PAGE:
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Database of August 12 Charlottesville Videos

August 29, 2017

By Aric Toler

Translations: Русский

You can find a copy of the database here

On August 12, 2017, white supremacists, far-right activists, and others participated in the “Unite the Right” rally in Charlottesville, Virginia, with the stated goal of protesting the removal of a statue of Robert E. Lee from Emancipation Park in the city center. The rally was marked with violence throughout the day, and at its most tragic moment, a neo-Nazi who traveled to the rally from Ohio drove into a group of counter-protesters near Water and Fourth Street, killing a young woman named Heather Heyer.

In the weeks following the events of Charlottesville, photographs and videos emerged showing the dramatic events of August 12, including materials showing a group of Unite the Right protesters attacking a young African-American man named Deandre Harris in a parking garage.

Dan Borden, one of the men in this photograph, was arrested on August 25 at his home in Ohio, likely due to online efforts to identify the attackers seen in the widely-shared photographs and videos. Additionally, a man was arrested after the American Civil Liberty Union (ACLU) of Virginia released a video showing him firing a gun near an African-American man after using racial slurs against him.

There are a number of unresolved questions from the rally, including the identities of some of the most violent individuals. With nearly everyone at the rally having a cell phone, there are likely hundreds of videos online showing the events of August 12. We have attempted to catalog these videos into a spreadsheet on Google Docs, providing a publicly accessible area for our readers to find and even contribute materials showing the events of August 12.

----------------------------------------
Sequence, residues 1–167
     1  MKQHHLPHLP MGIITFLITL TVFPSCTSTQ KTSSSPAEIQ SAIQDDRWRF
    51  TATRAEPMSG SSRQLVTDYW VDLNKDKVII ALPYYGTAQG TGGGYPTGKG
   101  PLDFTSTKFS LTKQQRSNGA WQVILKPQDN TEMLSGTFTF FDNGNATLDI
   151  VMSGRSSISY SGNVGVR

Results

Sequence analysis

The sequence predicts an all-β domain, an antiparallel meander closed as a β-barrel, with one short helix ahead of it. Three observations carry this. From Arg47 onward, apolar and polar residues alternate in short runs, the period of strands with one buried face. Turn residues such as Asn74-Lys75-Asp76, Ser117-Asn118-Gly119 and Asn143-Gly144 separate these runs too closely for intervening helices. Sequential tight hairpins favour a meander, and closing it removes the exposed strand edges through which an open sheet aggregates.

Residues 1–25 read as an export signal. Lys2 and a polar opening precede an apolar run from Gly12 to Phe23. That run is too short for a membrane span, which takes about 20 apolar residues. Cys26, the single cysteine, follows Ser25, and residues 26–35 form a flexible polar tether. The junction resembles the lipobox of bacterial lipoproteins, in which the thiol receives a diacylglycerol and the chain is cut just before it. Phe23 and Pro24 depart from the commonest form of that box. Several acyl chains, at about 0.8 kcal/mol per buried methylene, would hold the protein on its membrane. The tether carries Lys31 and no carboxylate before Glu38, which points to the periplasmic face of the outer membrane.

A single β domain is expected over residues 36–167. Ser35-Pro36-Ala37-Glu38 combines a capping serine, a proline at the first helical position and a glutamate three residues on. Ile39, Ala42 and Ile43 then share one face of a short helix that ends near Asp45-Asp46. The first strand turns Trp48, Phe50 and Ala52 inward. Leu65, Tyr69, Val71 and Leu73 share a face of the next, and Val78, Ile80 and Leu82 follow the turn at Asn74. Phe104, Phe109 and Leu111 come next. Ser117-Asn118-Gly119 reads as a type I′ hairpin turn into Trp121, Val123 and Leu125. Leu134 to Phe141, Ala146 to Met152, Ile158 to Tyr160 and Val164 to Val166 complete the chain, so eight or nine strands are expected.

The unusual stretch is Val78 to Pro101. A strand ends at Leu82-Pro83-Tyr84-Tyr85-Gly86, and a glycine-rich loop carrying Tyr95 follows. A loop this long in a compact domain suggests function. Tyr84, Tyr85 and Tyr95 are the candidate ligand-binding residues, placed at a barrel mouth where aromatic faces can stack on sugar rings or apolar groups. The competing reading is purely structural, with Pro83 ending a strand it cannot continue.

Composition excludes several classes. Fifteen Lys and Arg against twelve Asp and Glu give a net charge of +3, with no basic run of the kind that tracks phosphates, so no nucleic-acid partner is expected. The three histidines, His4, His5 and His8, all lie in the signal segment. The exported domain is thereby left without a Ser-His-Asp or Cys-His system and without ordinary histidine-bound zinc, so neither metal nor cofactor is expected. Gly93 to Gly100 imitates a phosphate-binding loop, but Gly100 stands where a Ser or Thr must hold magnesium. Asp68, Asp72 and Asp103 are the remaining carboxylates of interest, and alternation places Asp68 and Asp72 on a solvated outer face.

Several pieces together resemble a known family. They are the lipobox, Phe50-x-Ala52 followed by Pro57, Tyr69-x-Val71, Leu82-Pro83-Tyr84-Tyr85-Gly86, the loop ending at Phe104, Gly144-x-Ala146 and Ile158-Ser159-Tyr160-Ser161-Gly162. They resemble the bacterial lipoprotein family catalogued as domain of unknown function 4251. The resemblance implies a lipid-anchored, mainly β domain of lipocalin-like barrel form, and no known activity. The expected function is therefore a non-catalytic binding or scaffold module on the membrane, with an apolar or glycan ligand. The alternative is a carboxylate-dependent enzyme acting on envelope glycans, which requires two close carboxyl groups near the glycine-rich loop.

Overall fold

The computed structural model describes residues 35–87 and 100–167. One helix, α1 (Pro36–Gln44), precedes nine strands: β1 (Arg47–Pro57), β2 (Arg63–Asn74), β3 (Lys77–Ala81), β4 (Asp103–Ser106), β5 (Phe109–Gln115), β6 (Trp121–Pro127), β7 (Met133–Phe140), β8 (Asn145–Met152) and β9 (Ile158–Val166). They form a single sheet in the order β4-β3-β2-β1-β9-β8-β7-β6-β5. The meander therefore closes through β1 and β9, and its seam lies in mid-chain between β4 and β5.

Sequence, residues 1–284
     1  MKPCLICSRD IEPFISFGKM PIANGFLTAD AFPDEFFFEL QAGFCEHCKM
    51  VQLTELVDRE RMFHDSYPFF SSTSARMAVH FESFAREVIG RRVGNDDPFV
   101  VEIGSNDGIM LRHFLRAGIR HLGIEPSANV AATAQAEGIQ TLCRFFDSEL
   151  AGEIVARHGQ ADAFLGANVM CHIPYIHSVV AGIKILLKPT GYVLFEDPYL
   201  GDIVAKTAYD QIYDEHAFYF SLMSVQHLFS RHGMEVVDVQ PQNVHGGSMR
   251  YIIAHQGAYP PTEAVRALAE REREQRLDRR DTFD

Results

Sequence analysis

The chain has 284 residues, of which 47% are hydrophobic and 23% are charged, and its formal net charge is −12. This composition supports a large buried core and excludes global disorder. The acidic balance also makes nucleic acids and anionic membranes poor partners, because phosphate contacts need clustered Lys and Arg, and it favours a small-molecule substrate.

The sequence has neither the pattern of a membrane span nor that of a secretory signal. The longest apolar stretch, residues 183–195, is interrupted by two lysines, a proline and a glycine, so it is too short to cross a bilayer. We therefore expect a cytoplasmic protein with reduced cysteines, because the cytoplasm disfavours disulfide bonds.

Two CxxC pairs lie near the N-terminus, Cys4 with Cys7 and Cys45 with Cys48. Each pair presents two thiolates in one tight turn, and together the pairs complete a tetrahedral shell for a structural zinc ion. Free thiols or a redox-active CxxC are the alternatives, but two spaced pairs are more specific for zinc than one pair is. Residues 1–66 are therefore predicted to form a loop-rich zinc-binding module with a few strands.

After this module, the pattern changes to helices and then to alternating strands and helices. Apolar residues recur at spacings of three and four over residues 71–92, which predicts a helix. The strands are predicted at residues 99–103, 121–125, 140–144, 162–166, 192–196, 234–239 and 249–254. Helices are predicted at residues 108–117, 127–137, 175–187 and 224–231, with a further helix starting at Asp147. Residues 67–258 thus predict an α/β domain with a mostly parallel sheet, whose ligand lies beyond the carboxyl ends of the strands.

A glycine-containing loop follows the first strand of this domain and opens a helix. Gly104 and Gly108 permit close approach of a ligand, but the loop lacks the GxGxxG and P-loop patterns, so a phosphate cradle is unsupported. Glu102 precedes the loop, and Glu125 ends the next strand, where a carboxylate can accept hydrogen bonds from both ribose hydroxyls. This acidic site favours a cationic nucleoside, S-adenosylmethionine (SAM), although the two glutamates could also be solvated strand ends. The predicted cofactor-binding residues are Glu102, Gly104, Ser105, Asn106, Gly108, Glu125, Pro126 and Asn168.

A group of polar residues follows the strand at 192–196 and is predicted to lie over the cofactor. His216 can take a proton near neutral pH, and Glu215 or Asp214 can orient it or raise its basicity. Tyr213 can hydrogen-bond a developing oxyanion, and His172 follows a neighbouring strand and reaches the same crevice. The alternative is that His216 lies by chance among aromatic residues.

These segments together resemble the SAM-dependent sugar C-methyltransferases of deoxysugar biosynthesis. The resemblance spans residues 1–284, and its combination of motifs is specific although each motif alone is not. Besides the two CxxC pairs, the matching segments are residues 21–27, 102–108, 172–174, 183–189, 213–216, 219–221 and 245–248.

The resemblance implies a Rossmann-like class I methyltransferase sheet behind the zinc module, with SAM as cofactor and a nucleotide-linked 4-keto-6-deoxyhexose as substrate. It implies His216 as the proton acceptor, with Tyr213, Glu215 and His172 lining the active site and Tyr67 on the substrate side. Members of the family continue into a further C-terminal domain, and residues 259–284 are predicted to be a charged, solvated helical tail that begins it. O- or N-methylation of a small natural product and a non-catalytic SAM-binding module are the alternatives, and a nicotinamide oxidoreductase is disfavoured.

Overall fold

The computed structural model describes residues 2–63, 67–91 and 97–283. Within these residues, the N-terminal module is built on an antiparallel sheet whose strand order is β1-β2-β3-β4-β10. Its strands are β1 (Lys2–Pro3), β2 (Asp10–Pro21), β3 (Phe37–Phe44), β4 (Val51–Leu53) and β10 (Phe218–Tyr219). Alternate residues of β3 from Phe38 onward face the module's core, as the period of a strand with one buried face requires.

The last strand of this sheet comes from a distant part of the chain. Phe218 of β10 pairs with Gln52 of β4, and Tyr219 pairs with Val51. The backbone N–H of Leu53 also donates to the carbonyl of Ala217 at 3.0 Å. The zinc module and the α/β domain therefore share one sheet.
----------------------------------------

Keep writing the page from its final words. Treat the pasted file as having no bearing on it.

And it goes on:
In this database, we have focused on user-generated videos, including those from livestreamers (such as Faith J. Goldy), participants, activists, and semi-amateur news distributors (such as Unicorn Riot), and have avoided the video materials published from large news organizations, such as the BBC, RT, Voice of America, and so on. The primary reason for this is because news footage from professional news organizations is unlikely to be lost, while user-generated content can easily be deleted and disappear from the internet forever. Additionally, we have saved metadata from the videos in case they are deleted, including the title and video description. Nearly all of the videos in this database have been saved by the Bellingcat staff, and we will eventually provide a third-party link to a backup copy of each video on a file sharing service, such as Dropbox or Google Drive. If you are interested in a particular video that is listed below, leave a comment to this story or add a comment to the spreadsheet, and we can try to provide a backup link quicker.

Finding, cataloging, and archiving these user-generated videos is vital for understanding how the events of August 12 in Charlottesville transpired, and preserving possible evidence showing criminal actions. Bellingcat has worked with the Syrian Archive for a similar goal of preserving footage showing war crimes in the Syrian Civil War. This task is vital, as user-generated content is often removed from YouTube and other platforms due to a number of factors, including recently implemented anti-extremism algorithms. Our database of August 12 Charlottesville videos is not nearly as extensive or meticulous as the Syrian Archive’s work, but we hope that it will still be useful.

If you find new videos or can add a geolocation or additional information to an existing video, please leave a comment with that information in the spreadsheet (here) and we will add it after verification. We have only started to add geolocations to the database, but most will be quite simple with the locations in many video titles or with visible landmarks in places such as Emancipation Park or major streets. An embedded version of the database can be found below, and you can view it on a separate page here where you can leave comments.

Aric Toler

Aric Toler has written with Bellingcat since 2015 and currently leads the Eurasia/Eastern Europe team. Along with his research into topics in the former Soviet Union, he organizes and leads Bellingcat's Russian-language workshops for journalists and researchers. He graduated with an MA in Slavic Languages & Literatures from the University of Kansas in 2013, focusing on Russian literature and intellectual history. After graduation, he worked for two years as an intelligence specialist in the private sector. If you have any questions, or have a story idea related to eastern Europe or Eurasia, you can contact him at arictoler@bellingcat.com

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